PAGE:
Second test would show North Korea has the bomb: experts
North Korea is eager to conduct a second atom bomb test to erase any doubts after a first attempt on October 9 that it truly is capable of producing nuclear weapons, western arms experts say.
A new test could be imminent simply "because the first one failed," argues Joseph Bermudez, a researcher at Jane's Defence Weekly in Britain.
Many experts worldwide have suggested that the underground explosion that took place earlier this month was too small to have been a successful nuclear explosion.
Which is why, Bermudez said, "it is likely that the North Korean scientific community wants" to try again, he said.
"If you look at what Pakistan did in 1998, the initial explosion had failed," Bermudez said by way of precedent. "It didn't get to full yield -- it didn't have full explosive power -- so they ... carried on a series of follow-up tests validating their design."
North Korea, he said, could be facing a similar situation.
"Until you actually test it -- using your manufacturing capabilities, your equipment, and your fissile material -- you can never know if the design was good or if the computer models you used were good," Bermudez said.
Whether North Korean leader Kim Jong-Il will be discouraged from conducting such a test for political reasons, he added, is another matter.
Japanese and South Korean officials Tuesday cited information of possible preparations for a second test, triggering warnings from around the world and an immediate call for restraint from China, Pyongyang's closest ally.
Russia joined in Wednesday, its foreign ministry urging North Korea to heed concerns and take a "rational decision" that would lead to talks.
Therese Delpech, director of strategic affairs at the French Atomic Energy Commission agrees that something did not go as planned during North Korea's first attempt to detonate an atomic device: "If the explosion on October 9 was nuclear test, then it was a failure," yielding a force of less than one kiloton, she said.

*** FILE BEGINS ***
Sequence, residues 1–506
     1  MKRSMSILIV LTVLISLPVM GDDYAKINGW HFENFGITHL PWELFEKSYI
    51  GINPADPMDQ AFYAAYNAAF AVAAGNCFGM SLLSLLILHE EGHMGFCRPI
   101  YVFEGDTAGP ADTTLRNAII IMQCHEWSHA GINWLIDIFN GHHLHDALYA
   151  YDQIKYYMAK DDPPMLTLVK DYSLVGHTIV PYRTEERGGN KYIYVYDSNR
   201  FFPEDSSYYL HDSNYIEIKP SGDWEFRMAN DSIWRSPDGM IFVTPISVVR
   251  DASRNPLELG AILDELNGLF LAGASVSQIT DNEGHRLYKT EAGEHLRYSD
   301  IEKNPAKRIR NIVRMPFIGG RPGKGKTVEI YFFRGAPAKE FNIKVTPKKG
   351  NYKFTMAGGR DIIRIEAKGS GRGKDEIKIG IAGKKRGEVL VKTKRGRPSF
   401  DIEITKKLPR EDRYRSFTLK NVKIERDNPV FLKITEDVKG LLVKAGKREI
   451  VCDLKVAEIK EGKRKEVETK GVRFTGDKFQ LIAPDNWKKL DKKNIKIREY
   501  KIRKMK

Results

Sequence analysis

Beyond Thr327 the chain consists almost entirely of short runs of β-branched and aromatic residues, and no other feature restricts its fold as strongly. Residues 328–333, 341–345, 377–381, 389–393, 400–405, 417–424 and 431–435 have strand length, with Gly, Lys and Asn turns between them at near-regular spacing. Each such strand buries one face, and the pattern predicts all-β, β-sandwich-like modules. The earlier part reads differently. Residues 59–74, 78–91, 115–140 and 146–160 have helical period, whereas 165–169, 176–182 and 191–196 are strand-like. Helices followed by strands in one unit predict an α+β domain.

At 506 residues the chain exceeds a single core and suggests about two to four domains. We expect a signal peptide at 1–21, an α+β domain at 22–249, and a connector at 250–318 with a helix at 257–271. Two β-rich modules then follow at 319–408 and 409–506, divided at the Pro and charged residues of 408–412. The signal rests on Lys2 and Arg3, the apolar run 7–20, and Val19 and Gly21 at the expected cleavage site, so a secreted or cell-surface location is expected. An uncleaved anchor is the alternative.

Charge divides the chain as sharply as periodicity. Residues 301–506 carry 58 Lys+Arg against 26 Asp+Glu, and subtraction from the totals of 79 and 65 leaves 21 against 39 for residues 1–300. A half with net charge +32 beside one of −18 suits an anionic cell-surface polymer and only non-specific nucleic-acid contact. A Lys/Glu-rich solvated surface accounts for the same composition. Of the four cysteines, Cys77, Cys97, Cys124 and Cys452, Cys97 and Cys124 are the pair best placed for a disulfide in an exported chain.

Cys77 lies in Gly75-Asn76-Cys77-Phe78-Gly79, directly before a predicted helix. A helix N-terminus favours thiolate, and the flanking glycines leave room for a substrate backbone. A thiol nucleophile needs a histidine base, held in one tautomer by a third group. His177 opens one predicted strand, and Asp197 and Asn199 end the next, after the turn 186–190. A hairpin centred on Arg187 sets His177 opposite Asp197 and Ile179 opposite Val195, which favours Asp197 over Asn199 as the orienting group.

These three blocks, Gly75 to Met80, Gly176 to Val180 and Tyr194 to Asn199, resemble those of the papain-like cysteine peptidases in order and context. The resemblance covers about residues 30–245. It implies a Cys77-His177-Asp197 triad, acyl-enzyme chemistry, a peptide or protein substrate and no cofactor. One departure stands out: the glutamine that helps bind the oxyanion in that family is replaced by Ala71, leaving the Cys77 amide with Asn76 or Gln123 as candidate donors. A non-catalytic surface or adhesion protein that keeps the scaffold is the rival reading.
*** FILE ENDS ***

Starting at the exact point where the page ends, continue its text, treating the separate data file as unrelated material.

The mid-air blast that devastated Hiroshima at the end of World War II was between 12 and 16 kilotons, according to most estimates.
While North Korea has not yet proven its ability to make and detonate an atom bomb, the isolated and impoverished East Asian nation is certainly close to that goal, according the Francois Gere, director of the French Institute for Strategic Analysis.
"They are in the process of conducting experiments that will allow them to produce a real atomic weapon within three months, perhaps six," he said. It would probably not, he added, be more sophisticated than the plutonium bomb dropped over Nagasaki on August 9, 1945.
The test North Korea conducted earlier this month might, in fact, be a "very advanced form of laboratory experiment" designed to test the fuses and the explosive material used to trigger the nuclear reaction.
Technically speaking, "they are moving in the right direction, but until we have the results of the test and we know exactly what they wanted to test," Gere said, "we cannot know whether it was a failure or not."
From a strategic standpoint, "if North Korea really wants to show the world that it has a nuclear weapon, and to improve its program," opined Pascal Boniface, director of the Institute of International and Strategic Relations, "one can understand that it would conduct several tests."
"One can say with certainty that North Korea has a nuclear capacity, but we don't know its degree of sophistication or to what extent it has been perfected," he added.
North Korea on Tuesday slammed the threat of sanctions as akin to a "declaration of war" and vowed to deliver "merciless blows" to any countries that impinged on its sovereignty.
South Korea stepped up its monitoring Wednesday, although a spokesman for the Joint Chiefs of Staff told AFP there were no signs yet of a second test.
But experts said Pyongyang's announcement indicated the North was ready for a further trial.
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